Building Experimental Bridge to China

Article excerpt

HONG KONG -- The four had flown into Gweizhou, China, a poor mountain region far north of their affluent, comfortable Hong Kong. Their accommodation was a modest guest house and their reception committee had just arrived.

As the committee members were introduced, Peter Cheung and his three colleagues from the Catholic Institute for Religion in Society exchanged business cards. Then Cheung read to his astonishment that the secretary-general of the welcoming voluntary organization, the Provincial Committee Concerned for Poor and Marginalized Minority Tribes, was also the secretary-general of the United Front Department of the local Communist Party. The United Front is the party's propaganda arm. And the volunteer group's vice president was the front's local vice president.

"Hey," said Cheung to himself, "this is supposed to be a voluntary organization." The four Hong Kong visitors, Cheung later told NCR, considered the situation they were in and asked each other: "Are we going to continue on or pack our bags and go back next morning?"

The decision was, said Cheung, "We've come. We paid for our air tickets. We've spent our money. Let's stay and see what happens."

And what happened, on long trips in a small minibus to meet villagers, was that the Catholics and the communists talked about their organizations, themselves and their work for the poor. Gradually, as the days progressed, they began to find some common ground for the programs they had in mind -- building schools for China's minority tribes.

This was not the institute's first education-oriented excursion into China. The 10 year-old institute, created by Cheung, Maryknoll Sr. Mary Louise Martin and Fr. Luke Tsui, had visited the Yao tribe in northern Guandong Province. There, in Wau Nau County, in decrepit schools with blackboards so old the chalk lettering could not be read, with broken desks and ancient, tattered books, they met teachers and parents.

The people spoke Yao, the mainlanders Mandarin and the Hong Kong visitors Cantonese -- but still the conversation got through.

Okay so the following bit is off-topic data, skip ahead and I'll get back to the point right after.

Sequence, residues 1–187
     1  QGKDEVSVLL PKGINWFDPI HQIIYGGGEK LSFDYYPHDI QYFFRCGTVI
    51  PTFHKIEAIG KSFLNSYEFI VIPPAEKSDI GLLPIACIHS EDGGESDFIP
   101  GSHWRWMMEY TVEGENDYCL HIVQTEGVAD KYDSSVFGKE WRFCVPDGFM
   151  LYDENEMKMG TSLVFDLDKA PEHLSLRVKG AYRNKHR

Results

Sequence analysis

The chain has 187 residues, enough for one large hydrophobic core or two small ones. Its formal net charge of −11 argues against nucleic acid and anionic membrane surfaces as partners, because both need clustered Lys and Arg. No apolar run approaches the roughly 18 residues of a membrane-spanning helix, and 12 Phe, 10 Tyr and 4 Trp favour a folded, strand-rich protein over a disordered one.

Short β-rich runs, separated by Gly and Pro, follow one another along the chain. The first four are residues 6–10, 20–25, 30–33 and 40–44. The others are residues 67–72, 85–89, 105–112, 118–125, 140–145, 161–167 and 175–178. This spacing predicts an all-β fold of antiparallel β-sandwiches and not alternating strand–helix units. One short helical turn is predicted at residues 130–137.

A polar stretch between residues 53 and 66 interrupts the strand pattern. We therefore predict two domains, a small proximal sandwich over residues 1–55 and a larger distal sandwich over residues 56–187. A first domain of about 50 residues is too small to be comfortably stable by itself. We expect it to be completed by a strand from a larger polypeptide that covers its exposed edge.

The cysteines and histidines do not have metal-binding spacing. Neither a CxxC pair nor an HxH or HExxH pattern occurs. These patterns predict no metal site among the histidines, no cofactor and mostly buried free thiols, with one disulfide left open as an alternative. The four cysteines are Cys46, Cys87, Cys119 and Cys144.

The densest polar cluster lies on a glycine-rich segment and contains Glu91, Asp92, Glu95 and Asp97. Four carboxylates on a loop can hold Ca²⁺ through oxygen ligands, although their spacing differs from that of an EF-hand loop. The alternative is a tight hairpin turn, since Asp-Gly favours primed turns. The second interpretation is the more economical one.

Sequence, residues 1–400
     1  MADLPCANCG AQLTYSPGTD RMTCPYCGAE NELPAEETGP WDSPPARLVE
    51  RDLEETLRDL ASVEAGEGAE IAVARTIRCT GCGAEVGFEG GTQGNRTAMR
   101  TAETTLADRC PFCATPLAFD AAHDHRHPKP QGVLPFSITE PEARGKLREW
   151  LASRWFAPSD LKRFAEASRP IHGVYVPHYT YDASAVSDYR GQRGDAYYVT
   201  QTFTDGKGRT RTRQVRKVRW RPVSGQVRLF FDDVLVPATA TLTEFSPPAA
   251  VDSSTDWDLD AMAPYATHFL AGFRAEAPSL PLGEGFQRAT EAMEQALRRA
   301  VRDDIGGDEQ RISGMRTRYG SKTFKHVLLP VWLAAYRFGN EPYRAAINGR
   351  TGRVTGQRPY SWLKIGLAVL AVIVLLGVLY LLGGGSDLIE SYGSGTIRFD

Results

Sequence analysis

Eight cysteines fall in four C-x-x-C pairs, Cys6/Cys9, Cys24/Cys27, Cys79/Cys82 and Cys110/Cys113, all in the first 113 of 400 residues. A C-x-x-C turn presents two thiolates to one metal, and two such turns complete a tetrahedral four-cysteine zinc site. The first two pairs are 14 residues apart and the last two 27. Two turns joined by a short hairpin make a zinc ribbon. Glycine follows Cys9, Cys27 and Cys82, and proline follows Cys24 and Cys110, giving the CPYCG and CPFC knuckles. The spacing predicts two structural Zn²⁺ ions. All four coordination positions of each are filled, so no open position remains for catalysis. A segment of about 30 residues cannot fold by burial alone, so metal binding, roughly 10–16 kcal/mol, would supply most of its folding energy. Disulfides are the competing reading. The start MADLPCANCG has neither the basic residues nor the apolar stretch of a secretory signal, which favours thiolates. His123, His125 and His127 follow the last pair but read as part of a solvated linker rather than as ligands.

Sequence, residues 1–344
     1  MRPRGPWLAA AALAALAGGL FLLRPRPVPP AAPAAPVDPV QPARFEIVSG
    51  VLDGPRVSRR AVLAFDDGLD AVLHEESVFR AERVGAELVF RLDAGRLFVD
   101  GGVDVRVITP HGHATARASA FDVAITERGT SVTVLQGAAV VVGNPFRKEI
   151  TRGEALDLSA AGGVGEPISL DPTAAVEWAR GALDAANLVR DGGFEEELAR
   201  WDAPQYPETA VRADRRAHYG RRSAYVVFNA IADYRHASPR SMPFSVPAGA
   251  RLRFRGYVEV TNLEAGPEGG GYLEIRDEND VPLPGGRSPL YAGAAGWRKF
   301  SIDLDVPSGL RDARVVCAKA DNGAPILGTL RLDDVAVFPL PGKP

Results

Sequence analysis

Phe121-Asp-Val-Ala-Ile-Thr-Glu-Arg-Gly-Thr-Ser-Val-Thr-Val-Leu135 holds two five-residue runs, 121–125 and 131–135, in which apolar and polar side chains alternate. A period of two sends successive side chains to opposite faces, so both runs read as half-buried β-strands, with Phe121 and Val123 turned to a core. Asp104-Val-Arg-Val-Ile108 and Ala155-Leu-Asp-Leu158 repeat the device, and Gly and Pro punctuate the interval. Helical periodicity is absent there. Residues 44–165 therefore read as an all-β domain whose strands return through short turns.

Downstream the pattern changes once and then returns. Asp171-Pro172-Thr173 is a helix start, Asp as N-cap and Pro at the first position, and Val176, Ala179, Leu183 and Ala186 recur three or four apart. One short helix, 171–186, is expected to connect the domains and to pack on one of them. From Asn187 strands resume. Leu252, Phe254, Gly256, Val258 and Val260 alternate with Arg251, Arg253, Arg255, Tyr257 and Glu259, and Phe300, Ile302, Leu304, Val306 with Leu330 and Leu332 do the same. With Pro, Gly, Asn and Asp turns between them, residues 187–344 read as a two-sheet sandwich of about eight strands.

The Hong Kong visitors pledged help.

Back in Hong Kong, working with Catholic school children, their parents and teachers, the institute built a bridge between Wau Nau's children and Hong Kong's children. Money was raised to improved the schools and provide supplies. They also provided tuition fees for girl students, who generally were left out of the rural education system. There were exchange trips. Friendships were created.

Now the same was happening in Gweizhou.

"We felt the communist cadre had good principles," said Cheung, "and gave us good suggestions about helping a poor village eventually to stand on its own."

The program is working. With a little financial help from Hong Kong, the tribespeople themselves have built six schools and, said Cheung, "the best part is there are lots of exchanges going on."

What is the institute up to in China? In 1989, he explained, "we decided that it would contribute to democracy in China in the long run if the majority of people could get good education.

"And for the Christians this is also very important," Cheung said, "for by staying in Hong Kong ourselves, we are also sowing the seed of Christianity and spreading the gospel in the mainland."

The United States, said Cheung, has very set concepts of communism, of society in China. …